AMD promises performance improvements as compared to the previous Omega drivers released last year.  This is fairly typical, but people are already reporting some better performance and CPU usage in WinX previews based on the latest build.  It is great to see AMD releasing a new set of drivers, but just like any addict... we can't wait for our next hit and what new features and performance they may bring.

You can find the drivers here.

Source: AMD

Report: AMD Radeon Fury Specs and Photos Leaked

Subject: Graphics Cards | July 7, 2015 - 11:59 AM |
Tagged: Radeon Fury, radeon, HBM1, amd

As reported by VideoCardz.com the upcoming Radeon Fury card specs have been leaked (and confirmed, according to the report), and the air-cooled card is said to have 8 fewer compute units enabled and a slightly slower core clock.

fury_screen_1.PNG

The report pictures a pair of Sapphire cards, both using the Tri-X triple-fan air cooler. The first is a reference-clocked version which will be 1000 MHz (50 Hz slower than the Fury X), and an overclocked version at 1040 MHz. And what of the rest of the specs? VideoCardz has created this table:

fury_screen.PNG

The total number of compute units is 56 (8 fewer than the Fury X), which at 64 stream cores per unit results in 3584 for the non-X GPU. TMU count drops to 224, and HBM1 memory speed is unchanged at 1000 MHz effective. VideoCardz is listing the ROP count at an unchanged 64, but this (along with the rest of the report, of course) has not been officially announced.

fury_01.PNG

The board will apparently be identical to the reference Fury X

Retail price on this card had been announced by AMD as $549, and with the modest reduction in specs (and hopefully some overclocking headroom) this could be an attractive option to compete with the GTX 980, though it will probably need to beat the 980's performance or at least match its $500 price to be relevant in the current market. With these specs it looks like it will only be slightly behind the Fury X so pricing shouldn't be much of an issue for AMD just yet.

AMD Projects Decreased Revenue by 8% for Q2 2015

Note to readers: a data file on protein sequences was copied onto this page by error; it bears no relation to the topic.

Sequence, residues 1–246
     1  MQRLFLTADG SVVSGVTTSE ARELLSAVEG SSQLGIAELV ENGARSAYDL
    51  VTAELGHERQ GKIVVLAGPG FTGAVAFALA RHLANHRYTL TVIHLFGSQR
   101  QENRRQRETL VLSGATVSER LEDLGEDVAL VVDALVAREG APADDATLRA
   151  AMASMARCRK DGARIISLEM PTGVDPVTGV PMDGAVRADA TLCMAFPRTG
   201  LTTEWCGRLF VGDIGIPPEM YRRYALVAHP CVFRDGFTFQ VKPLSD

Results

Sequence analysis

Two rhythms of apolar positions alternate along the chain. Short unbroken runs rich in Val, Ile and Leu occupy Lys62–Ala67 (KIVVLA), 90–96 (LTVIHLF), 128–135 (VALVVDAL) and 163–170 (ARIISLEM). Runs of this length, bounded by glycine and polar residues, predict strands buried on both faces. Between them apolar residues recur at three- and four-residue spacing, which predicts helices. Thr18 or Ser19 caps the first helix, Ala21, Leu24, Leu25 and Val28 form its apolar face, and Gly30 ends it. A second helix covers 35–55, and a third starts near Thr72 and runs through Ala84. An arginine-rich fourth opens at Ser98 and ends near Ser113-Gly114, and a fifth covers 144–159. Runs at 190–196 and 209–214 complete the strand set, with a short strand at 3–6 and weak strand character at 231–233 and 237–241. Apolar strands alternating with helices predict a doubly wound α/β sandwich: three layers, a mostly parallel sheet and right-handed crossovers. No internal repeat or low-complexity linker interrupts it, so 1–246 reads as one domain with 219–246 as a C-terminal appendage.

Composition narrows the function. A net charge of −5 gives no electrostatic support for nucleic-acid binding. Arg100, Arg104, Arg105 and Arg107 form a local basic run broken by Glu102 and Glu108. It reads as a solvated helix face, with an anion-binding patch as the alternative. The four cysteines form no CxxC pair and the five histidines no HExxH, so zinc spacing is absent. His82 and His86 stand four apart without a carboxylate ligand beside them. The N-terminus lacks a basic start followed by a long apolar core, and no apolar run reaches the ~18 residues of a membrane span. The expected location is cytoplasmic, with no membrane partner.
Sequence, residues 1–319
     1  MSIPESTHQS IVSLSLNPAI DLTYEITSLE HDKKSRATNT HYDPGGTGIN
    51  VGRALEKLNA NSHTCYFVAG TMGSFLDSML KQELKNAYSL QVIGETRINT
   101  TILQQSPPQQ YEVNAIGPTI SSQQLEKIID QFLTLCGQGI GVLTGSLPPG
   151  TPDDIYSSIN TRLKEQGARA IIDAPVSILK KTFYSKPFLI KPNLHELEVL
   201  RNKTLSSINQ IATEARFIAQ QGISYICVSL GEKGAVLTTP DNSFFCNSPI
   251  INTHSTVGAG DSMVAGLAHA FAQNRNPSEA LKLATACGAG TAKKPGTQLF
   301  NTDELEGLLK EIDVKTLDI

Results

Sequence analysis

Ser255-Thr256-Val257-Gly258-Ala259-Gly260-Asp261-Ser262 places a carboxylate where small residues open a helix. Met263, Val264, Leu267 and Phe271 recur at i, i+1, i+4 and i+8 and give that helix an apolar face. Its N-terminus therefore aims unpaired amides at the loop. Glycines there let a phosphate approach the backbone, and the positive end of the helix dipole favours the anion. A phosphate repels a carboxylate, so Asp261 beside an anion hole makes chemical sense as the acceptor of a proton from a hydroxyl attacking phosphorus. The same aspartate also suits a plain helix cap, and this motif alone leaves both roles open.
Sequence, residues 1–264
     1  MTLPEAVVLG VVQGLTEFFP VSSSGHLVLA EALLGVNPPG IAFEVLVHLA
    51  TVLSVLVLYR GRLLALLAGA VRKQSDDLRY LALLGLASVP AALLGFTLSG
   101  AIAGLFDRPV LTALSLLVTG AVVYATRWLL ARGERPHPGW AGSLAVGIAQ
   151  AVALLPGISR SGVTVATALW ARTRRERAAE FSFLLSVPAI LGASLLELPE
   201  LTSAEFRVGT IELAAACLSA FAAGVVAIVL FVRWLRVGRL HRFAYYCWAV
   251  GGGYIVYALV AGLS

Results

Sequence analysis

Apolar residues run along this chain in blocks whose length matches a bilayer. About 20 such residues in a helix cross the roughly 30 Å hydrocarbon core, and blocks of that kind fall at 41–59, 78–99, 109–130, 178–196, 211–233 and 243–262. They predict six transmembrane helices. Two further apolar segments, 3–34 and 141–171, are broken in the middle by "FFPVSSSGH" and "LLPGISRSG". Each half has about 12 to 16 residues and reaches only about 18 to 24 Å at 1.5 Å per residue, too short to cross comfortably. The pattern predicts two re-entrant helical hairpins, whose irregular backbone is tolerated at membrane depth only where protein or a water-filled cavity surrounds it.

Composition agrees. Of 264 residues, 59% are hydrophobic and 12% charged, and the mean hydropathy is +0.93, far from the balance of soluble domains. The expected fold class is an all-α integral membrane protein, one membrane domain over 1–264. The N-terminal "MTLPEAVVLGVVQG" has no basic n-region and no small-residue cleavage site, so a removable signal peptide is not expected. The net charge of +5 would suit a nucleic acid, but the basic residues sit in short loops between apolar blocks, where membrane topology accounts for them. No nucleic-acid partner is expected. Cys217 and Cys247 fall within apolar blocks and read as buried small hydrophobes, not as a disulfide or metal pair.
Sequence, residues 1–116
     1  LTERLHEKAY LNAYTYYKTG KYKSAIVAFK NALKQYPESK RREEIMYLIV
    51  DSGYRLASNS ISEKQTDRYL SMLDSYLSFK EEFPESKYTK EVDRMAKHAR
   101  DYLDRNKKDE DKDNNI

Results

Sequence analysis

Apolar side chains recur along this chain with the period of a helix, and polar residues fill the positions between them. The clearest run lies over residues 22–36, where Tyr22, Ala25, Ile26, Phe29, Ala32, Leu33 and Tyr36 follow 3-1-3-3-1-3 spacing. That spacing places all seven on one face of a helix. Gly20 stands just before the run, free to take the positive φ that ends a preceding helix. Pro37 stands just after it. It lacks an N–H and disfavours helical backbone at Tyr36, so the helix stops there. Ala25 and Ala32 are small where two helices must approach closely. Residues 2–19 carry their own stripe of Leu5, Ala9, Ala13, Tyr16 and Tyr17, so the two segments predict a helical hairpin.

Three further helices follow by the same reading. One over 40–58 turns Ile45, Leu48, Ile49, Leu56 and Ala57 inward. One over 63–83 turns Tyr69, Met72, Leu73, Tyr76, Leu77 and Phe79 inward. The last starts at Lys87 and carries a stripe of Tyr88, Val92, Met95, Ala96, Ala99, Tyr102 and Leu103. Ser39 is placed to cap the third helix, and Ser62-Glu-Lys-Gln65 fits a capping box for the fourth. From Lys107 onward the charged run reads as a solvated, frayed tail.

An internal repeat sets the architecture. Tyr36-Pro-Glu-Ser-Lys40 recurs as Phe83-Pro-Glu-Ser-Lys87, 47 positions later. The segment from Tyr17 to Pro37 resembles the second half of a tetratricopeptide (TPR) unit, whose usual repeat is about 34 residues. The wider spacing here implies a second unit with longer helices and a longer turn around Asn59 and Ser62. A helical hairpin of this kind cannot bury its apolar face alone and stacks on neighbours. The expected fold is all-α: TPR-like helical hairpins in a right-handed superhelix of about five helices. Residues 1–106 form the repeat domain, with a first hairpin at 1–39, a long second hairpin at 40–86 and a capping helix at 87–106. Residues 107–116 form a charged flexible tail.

Subject: Graphics Cards, Processors | July 7, 2015 - 08:00 AM |
Tagged: earnings, amd

The projections for AMD's second fiscal quarter had revenue somewhere between flat and down 6%. The actual estimate, as of July 6th, is actually below the entire range. They expect that revenue is down 8% from the previous quarter, rather than the aforementioned 0 to 6%. This is attributed to weaker APU sales in OEM devices, but they also claim that channel sales are in line with projections.

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This is disappointing news for fans of AMD, of course. The next two quarters will be more telling though. Q3 will count two of the launch months for Windows 10, which will likely include a bunch of new and interesting devices and aligns well with back to school season. We then get one more chance at a pleasant surprise in the fourth quarter and its holiday season, too. My intuition is that it won't be too much better than however Q3 ends up.

One extra note: AMD has also announced a “one-time charge” of $33 million USD related to a change in product roadmap. Rather than releasing designs at 20nm, they have scrapped those plans and will architect them for “the leading-edge FinFET node”. This might be a small expense compared to how much smaller the process technology will become. Intel is at 14nm and will likely be there for some time. Now AMD doesn't need to wait around at 20nm in the same duration.

Source: AMD

Overclocking the R9 390X

Subject: Graphics Cards | July 6, 2015 - 01:58 PM |
Tagged: amd, r9 390x, overclocking

Now that [H]ard|OCP has had more time to spend with the new R9 390X they have managed to find the overclocks that they are most comfortable running on the card they used to test.  They used MSI Afterburner 4.1.1 and first overclocked the card without changing voltages at all, which netted them 1150MHz core and 6.6GHz effective on the RAM.  From there they started to raise to Core Voltage, eventually settling on +50 as settings higher than that resulted in lower maximum observed voltages due to the TDP being reached and the card throttling back.  With that voltage setting they could get the card to run at 1180MHz, with the memory speed remaining at 6.6GHz as it is not effected by the core voltage settings, with the fan speed set 80% they saw a consistent 67C GPU temperature.  How much impact did that have on performance and could it push the card's performance beyond an overclocked GTX 980?  Read the full review to find out in detail.

msi-r9-390x.jpg

"We take the new MSI Radeon R9 390X GAMING 8G video card and overclock it to it fullest and compare it with an overclocked GeForce GTX 980 at 1440p and 4K in today's latest games. Find out how much overclocking the R9 390X improves performance, and which video card is best performing. Can R9 390X overclock better than R9 290X?"

Here are some more Graphics Card articles from around the web:

Graphics Cards

Source: [H]ard|OCP